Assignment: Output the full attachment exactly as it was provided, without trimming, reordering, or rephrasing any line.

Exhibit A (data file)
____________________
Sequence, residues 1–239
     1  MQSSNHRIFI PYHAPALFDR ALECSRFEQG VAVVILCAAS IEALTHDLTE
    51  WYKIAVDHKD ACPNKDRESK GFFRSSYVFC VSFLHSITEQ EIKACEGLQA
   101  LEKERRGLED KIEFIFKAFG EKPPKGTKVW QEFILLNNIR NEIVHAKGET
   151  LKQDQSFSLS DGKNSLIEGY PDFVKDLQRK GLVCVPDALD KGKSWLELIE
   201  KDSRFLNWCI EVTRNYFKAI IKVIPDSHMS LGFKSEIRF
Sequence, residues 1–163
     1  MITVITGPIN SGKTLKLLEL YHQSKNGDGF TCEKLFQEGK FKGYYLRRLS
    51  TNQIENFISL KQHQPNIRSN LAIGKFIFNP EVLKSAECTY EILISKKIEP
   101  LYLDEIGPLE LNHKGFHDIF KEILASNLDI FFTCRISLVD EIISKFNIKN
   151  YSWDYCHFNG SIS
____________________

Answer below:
Sequence, residues 1–239
     1  MQSSNHRIFI PYHAPALFDR ALECSRFEQG VAVVILCAAS IEALTHDLTE
    51  WYKIAVDHKD ACPNKDRESK GFFRSSYVFC VSFLHSITEQ EIKACEGLQA
   101  LEKERRGLED KIEFIFKAFG EKPPKGTKVW QEFILLNNIR NEIVHAKGET
   151  LKQDQSFSLS DGKNSLIEGY PDFVKDLQRK GLVCVPDALD KGKSWLELIE
   201  KDSRFLNWCI EVTRNYFKAI IKVIPDSHMS LGFKSEIRF
Sequence, residues 1–163
     1  MITVITGPIN SGKTLKLLEL YHQSKNGDGF TCEKLFQEGK FKGYYLRRLS
    51  TNQIENFISL KQHQPNIRSN LAIGKFIFNP EVLKSAECTY EILISKKIEP
   101  LYLDEIGPLE LNHKGFHDIF KEILASNLDI FFTCRISLVD EIISKFNIKN
   151  YSWDYCHFNG SIS